News and Journal Articles Tuesday, June 01, 2010Now that more than 50,000 women have been recruited, Dale Sandler discusses whatcomes next for the Sister Study. Environmental Health Perspectives. Tuesday, June 01, 2010Based on this study and previous scientific literature it can be concluded thatperformance on simple tasks is less susceptible to the effects of noise than performanceon more complex tasks. Environmental Health. Tuesday, June 01, 2010Researchers report that adding certain spices to your burgers before tossing them on thegrill this summer will not only add to the flavor of the meat, but they can also cut therisk of cancer long associated with the cooking of beef. USA Today. [See another article about food and health: ]Tuesday, June 01, 2010Back in the days when better living through chemistry was a promise, not a bitter irony,nylon stockings replaced silk, refrigerators edged out iceboxes, and Americans becameincreasingly dependent on man-made materials. Scientific American. Tuesday, June 01, 2010If you're eating non-organic celery today, you may be ingesting 67 pesticides with it,according to a new report from the Environmental Working Group. CNN. [See related articles about pesticides:, Monday, May 31, 2010A growing body of research is linking five chemicals [BPA, phthalates, PFOA,formaldehyde and PDBEs] -- among the most common in the world -- to a host ofailments, including cancer, sexual problems and behavioral issues. CNN. [See related articles about one or more of these chemicals: ; ; and Monday, May 31, 2010This week, the U-S Environmental Protection Agency will release much-anticipated newrules limiting sulfur dioxide in the air. Environment Report. Sunday, May 30, 2010Simply put, people are susceptible to developing asthma because of their genes. Butpeople develop the disorder only after exposure to environmental factors that cause theirimmune systems to make their bronchial tubes inflamed and prone to attacks. Stroudsberg Pocono Record, Pennsylvania. [See a related journal article: news articles:Saturday, May 29, 2010Exercise can buffer the effects of stress-induced cell aging, according to new researchfrom UCSF that revealed actual benefits of physical activity at the cellular level. ScienceDaily. [See an article about environmental hazards of exercise: Saturday, May 29, 2010Pampers diapers, which include Cruisers and Swaddlers, are the subject of two U.S. lawsuits filed in mid-May and blamed for causing serious diaper rashes. The bad Pamperspress has shed light on the fact that parents are largely in the dark about the chemicalsfound in the disposable diapers their children wear. CBC Canada. Friday, May 28, 2010The US National Library of Medicine's Disaster Information Management Research Centercompiles information about oil spills in the Gulf of Mexico and elsewhere. [See a related website related articles: , plus an article about a spill in California: Friday, May 28, 2010Only 32 out of Kenya's 178 local government authorities have a sewerage system.Thismeans that 142 local authorities around the country lack access to any form of seweragesystem and are therefore highly exposed to diseases, according to a report on the linkto health and environment. Nairobi Daily Nation, Kenya. [See a related announcement from the US Environmental Protection Agency: anotherarticle about hazards in sewage waste:Friday, May 28, 2010There's an invisible, odorless gas that kills 21,000 Americans every year. We've knownabout radon gas for a long time. But experts say we're still a long way from fixing theproblem. Environment Report. Thursday, May 27, 2010People who use tanning beds frequently have up to three times the risk of developingthe deadliest form of skin cancer -- no matter how old they are when they start --according to a study published today by researchers at the University of Minnesota. Minneapolis Star Tribune, Minnesota. [See a related article: an announcement about sun safety: Thursday, May 27, 2010Writing in the journal Pediatrics, researchers report on a disturbing rise in youngstersswallowing small button batteries. These are the newer, coin-shaped lithium based powersources that are found in toys and electronic games, hearing aids and watches. TimeMagazine. Wednesday, May 26, 2010A study in mice reveals that prenatal exposure to endocrine-disrupting chemicals, likebisphenol-A (BPA) and diethylstilbestrol (DES), may program a fetus for life. Therefore,adult women who were exposed prenatally to BPA or DES could be at increased risk ofbreast cancer, according to a new study accepted for publication in Hormones & Cancer,a journal of The Endocrine Society. ScienceDaily. [See another article about breast cancer research: Wednesday, May 26, 2010With the temperatures heating up, a dip in the pool may sound like a good idea. Butbefore you do, a startling new CDC report found 1 in 8 public pools were unfit for use. KPSP News. [See a related article: Wednesday, May 26, 2010The amount of radio frequency energy -- a form of radiation emitted by cellphones andabsorbed by the body -- is nearly impossible to determine when buying a phone, a CBC-TV Marketplace investigation has found. Environmental Defence. [See a related article: others about other sources ofradiation: Wednesday, May 26, 2010Nearly all of the herbal dietary supplements tested in a Congressional investigationcontained trace amounts of lead and other contaminants, and some supplement sellersmade illegal claims that their products can cure cancer and other diseases, investigatorsfound. New York Times. [See a related article: onefrom the UAE:Wednesday, May 26, 2010"I think they were just trying to scare me and get me to back off," says Subra, a soft-spoken grandmother who has made it her life's mission to help communities fight againstchemical threats from industry. CNN. Tuesday, May 25, 2010A recent study done with 1,200 people, published in the journal Environmental Healthand Technology found that even just five minutes in a leafy park can significantly boostour mood. Well, it might be because we inhaled some bacteria among the leaves andgrass. Tuesday, May 25, 2010Smoke Free Babies, funded by grants from the state's First Five Commission and theSonoma County Health Department, offers support to pregnant women and newmothers. Santa Rosa Press Democrat, California. [See related articles: and another about the effects of smoking: Tuesday, May 25, 2010Public health officials are battling a host of new infectious threats to the nation's bloodsupply; officials are urging the U.S. government to adopt so-called pathogen-reductiontechnology that can kill a wide range of contaminants in blood after it has been donated. Wall Street Journal. Tuesday, May 25, 2010The shock and stress felt by pregnant women after the terrorist attacks on September11, 2001, may have contributed to an increase in miscarriages of male fetuses in theUnited States, according to a study released Monday. CNN. Monday, May 24, 2010Almost half of the 500 most popular sunscreen products may actually increase the speedat which malignant cells develop and spread skin cancer because they contain vitamin Aor its derivatives, according to an evaluation of those products released today. AOLNews. [See related articles about environmental agents and cancer growth:Monday, May 24, 2010Until now, nobody had studied whether getting several vaccinations in a short time couldhave negative consequences, for instance by overloading the immune system, as manyparents believe, according to Smith. Reuters Health. [See another article about vaccine controversy: Monday, May 24, 2010About once or twice a year, state officials deny cancer-data requests from the public inthe name of patient privacy. Columbus Dispatch, Ohio. [See a similar article from the UK:Sunday, May 23, 2010Nearly half of rural adults in Wisconsin have lost teeth from decay, compared to justover a third of urban adults. Adding fluoride to rural drinking water systems could closethat gap, health officials say. Madison Wisconsin State Journal, Wisconsin. [See an opposing view: Sunday, May 23, 2010Senate bill (S3378) authorizes health care for individuals exposed to environmentalhazards at Camp Lejeune and the Atsugi Naval Air Facility and establishes an advisoryboard to examine exposures to environmental hazards during military service. SalemNews, Oregon. [See a follow-up article: Saturday, May 22, 2010Patients whose doctors over-prescribe antibiotics may develop drug resistance that lastsup to a year, putting them and the population at risk when more serious treatment isneeded, scientists said on Wednesday. Reuters Health. Saturday, May 22, 2010Environmental exposures had been thought too challenging to systematically screen fordisease associations. But a team of researchers has created a method to look fordiabetes environmental risk factors the same way other scientists screen for geneticmarkers. Scientific American. [See related articles: Saturday, May 22, 2010A study conducted by a team at the Harvard School of Public Health found that autismwas nearly twice as common among the children of women who were treated with theovulation-inducing drug Clomid and other similar drugs than women who did not sufferfrom infertility. Time Magazine. [See related articles: Friday, May 21, 2010As officials from the Agency for Toxic Substances and Disease Registry were questioned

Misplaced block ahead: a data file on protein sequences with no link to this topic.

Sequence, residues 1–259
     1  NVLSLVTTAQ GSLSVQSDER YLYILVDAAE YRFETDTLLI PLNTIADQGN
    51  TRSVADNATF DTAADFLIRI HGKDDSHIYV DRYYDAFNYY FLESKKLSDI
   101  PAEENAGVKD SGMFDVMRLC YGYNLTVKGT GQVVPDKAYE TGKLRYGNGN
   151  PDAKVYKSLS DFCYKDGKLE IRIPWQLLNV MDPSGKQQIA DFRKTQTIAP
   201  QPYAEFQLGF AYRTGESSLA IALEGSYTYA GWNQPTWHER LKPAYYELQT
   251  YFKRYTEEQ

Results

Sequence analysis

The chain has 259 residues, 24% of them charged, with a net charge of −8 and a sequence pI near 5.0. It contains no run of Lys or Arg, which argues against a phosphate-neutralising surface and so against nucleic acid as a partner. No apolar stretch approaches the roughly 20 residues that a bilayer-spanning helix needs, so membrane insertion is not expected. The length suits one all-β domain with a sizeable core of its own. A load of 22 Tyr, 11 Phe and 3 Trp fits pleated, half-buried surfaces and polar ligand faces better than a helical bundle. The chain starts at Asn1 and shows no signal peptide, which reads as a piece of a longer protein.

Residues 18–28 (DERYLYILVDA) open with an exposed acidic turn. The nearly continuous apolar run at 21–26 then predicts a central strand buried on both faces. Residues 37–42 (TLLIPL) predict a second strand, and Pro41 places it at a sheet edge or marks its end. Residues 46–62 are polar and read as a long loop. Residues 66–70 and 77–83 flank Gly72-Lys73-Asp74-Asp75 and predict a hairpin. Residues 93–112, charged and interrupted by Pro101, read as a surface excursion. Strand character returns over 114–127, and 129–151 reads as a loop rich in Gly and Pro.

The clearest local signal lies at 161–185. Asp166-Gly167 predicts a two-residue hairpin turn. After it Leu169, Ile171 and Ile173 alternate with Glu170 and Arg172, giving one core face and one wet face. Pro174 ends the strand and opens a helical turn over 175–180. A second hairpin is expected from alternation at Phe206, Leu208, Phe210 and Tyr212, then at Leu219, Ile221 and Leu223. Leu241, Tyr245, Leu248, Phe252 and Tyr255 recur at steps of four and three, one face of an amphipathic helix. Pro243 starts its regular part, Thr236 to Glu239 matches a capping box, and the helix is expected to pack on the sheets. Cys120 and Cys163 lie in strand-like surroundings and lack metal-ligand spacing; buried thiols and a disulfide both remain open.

at a Congressional hearing Thursday, the Government Accountability Office released areport that found the agency lacked policies in place to give a higher level of review tohazardous sites. New York Times. Friday, May 21, 2010Kudzu, a leafy vine native to Japan and southeastern China, produces the chemicalsisoprene and nitric oxide, which, when combined with nitrogen in the air, form ozone, anair pollutant that causes significant health problems for humans. Gannett News Service. [See another article about ozone pollution:Friday, May 21, 2010Emily de Reyna was barely older than a toddler when she started becoming a woman. Some pediatricians say they are seeing more cases of girls starting puberty earlier. Some have said it's because there are far more pesticides on food, hormones in milk oreven chemicals in plastics than in the past. Lansing WILX TV, Michigan. Friday, May 21, 2010Wind turbines don't make people sick, Ontario's chief medical officer of health says afterconducting a study of adverse health effects associated with the clean energy sources. Toronto Star, Ontario. Friday, May 21, 2010Although sunscreen is recommended for infants older than 6 months by the NationalInstitutes of Health and the American Academy of Pediatrics, there's growing concernthat some of the chemicals in the products are endocrine disruptors that may posehealth risks to children. McClatchy Newspapers. [See related articles: Thursday, May 20, 2010A U.S. House of Representatives hearing scheduled for this week will examine the waysthe National Center for Environmental Health and Agency for Toxic Substances andDisease Registry assesses, validates and releases public health documents, and toinquire about uses of flawed science and incomplete data in drawing public healthconclusions. encToday.com